Carefree No More

restroomsMy oldest son has been old enough for some time to prefer public restrooms designated for males, which poses a particular problem for me, his mother, who is largely consigned to public restrooms designated for females.

He’ll be nine shortly, and a while back I could see when I brought him into a public women’s restroom his decidedly chagrined demeanor–the mortification in his face, the averted gaze when he ran into a girl his age.  I was torn between wanting to make sure he was one hundred percent safe and honoring his dignity.  I tried to find the halfway points for a while–letting him use only family restrooms or men’s rooms that had a single stall.  But eventually this was no longer practical or possible.  So, I would hover outside the men’s rooms of America, making sure I was seen by every man going in; I would also announce my presence to any men who might have been inside by calling to my son intermittently while he was in the bathroom.

Still, I spoke to my son about the strangers he might encounter: Don’t talk to anyone.  Don’t let anyone talk to you.  If anything makes you uncomfortable, come out immediately and tell me who and what and let me deal with it.  And even though I knew this talk made it sound as though danger lurks around every stall, I knew the grave importance of arming him with a sense of caution and vigilance, of helping him to develop good judgment.

Time went by, and my son consistently proved himself to be full of good judgment in this arena as well as many others.  So, I stopped my blaring monologues outside the restroom doors and just let him go in, checking in with him each time afterward to make sure he hadn’t forgotten any of the words of wisdom that had been imparted.

Things went along uneventfully for a year–until today, actually.

It was a small public restroom–one he has used countless times.  He went in.  I sat on a bench just a few feet away.  Within a minute, a man exited the restroom.  Then my son.

He was pale, shuffling toward me more quickly than usual, his upper lip and nose wrinkled in worry, then the fearsome, breathless monologue the likes of which no parent is ever ready to hear: “Mom, there was a strange man in the bathroom.  He came out of the stall and started looking at me and asking me where my mother was.  I thought it was weird because he’s a stranger and he’s not supposed to talk to me without a trusted adult with me–especially in the bathroom.  And then I thought, ‘Why would he ask where my mother was when we were in the men’s room?’  I just shut the stall door, did what I had to do, and came out to tell you.  Was that right?”

There could be a thousand reasons why this man spoke to my son, looked at him the way he did, asked him where I was.  But none of those matter because of the single unconscionable one, the one I had to explain today to an eight-year-old boy whose childhood I’m wishing could go back to being nothing but carefree.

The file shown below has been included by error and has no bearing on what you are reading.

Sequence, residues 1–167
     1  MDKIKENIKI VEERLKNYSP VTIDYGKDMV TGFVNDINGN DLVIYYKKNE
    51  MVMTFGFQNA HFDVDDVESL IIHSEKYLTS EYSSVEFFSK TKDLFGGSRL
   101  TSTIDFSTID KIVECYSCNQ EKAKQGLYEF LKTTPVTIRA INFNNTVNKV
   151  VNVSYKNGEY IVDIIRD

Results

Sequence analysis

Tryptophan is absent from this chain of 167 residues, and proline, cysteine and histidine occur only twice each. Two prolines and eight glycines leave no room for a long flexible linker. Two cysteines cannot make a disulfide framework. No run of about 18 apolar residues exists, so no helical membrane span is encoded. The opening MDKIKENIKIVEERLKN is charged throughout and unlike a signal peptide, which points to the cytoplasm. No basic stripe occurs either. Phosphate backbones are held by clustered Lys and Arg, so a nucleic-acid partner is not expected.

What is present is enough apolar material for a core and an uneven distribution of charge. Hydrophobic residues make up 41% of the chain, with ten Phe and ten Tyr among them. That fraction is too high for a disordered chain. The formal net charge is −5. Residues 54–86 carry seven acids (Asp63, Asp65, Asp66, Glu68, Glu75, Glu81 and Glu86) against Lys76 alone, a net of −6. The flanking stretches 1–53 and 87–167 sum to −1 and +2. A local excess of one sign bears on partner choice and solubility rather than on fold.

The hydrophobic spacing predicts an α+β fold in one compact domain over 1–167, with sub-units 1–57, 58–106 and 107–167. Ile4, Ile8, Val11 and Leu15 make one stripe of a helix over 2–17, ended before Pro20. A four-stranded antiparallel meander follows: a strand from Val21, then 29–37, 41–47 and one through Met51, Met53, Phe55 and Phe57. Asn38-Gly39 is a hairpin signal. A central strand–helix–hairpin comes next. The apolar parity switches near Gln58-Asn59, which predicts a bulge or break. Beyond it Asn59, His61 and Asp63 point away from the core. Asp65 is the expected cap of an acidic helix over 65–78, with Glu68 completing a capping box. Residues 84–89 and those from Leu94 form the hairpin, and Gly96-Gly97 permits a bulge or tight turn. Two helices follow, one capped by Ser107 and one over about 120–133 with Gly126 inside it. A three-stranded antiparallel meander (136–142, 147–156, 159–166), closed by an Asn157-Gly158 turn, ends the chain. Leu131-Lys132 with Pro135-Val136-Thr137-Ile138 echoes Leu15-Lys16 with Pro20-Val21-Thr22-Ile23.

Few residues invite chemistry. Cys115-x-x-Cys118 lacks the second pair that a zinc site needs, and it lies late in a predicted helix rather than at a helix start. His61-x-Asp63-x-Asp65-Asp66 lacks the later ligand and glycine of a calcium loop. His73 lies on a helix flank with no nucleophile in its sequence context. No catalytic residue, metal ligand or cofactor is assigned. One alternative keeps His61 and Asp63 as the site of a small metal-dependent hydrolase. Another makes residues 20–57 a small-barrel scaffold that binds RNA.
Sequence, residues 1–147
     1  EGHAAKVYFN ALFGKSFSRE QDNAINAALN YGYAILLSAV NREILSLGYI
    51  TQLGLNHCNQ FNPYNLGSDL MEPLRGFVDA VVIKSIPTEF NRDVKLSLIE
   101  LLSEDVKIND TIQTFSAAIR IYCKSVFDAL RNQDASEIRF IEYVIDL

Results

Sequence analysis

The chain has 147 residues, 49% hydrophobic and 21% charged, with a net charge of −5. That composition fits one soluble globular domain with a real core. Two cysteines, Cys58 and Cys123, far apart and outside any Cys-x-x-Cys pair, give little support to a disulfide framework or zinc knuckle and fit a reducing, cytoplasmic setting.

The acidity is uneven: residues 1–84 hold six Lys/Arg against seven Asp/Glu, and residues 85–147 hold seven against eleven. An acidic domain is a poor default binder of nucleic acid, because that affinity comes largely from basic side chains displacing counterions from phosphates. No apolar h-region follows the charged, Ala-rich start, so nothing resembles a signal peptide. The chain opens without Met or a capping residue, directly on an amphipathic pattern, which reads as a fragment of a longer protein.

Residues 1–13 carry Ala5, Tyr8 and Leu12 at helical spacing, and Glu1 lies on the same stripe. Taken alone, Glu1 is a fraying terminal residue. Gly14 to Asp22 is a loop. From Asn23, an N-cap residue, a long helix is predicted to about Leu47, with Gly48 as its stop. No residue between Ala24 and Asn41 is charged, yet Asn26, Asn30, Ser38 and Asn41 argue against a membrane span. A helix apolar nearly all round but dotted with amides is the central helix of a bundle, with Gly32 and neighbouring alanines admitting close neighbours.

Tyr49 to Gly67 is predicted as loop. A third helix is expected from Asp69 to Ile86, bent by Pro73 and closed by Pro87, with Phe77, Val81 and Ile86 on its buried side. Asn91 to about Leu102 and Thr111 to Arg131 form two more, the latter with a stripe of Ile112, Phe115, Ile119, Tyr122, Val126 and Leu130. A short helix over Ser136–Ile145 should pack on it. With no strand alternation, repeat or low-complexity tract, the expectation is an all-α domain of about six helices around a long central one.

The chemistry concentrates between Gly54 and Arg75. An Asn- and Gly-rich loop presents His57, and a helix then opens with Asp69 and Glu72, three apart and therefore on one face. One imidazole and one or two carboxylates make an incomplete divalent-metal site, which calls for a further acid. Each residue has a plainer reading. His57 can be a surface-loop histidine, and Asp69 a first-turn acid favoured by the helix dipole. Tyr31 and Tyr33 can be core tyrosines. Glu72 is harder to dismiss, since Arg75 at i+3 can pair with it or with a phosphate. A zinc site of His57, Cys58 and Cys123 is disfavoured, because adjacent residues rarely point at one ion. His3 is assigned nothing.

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4 thoughts on “Carefree No More

  1. I remember so well the “going to the restroom alone” fears with my son. This sounds like a truly scary situation, but it also sounds like he handled it beautifully. You’ve obviously taught him well, and it was probably a growing experience – as much as I’m sure you must wish it hadn’t happened.

  2. That sounds scary…but it also sounds as though he did the right thing. The only thing I would maybe tell him in the future, is if he ever feels uncomfortable or is in a situation like that again, that he should leave right away (not wait until after using the restroom.)

    And, I would continue to reassure him him that he is safe, and that he did exactly the right thing by trusting his instincts and coming out and telling you.

    If you haven’t already, you might want to read Protecting the Gift by Gavin de Becker…it is an excellent book for parents and addresses this very issue (and with many other issues related to children’s safety).

  3. And thus the benefits of being camera ready.
    We pass through a park area to get to drop off for school in CA.
    Two other parents complained about overtures made to their children in front of them. I asked if they had taken a photo. NEither had. WHen we return all be camera ready.
    Sure enough the man was still there and even willing to pose amidst calling a (police) parent a faggot but we had him on camera while waiting for the cops to come do their obligations.
    Such experiences may be frightening but they happen and we have to be prepared.
    Some kids say, “I can’t talk to strangers.” Others are told to try to remember details about the person, especially something distinguishing, like a scar, no teeth, color of eyes, etc. And it may waste a photo but anyone who exits before is an automatic candidate just because, and if he objects, dial 911.
    Peace,

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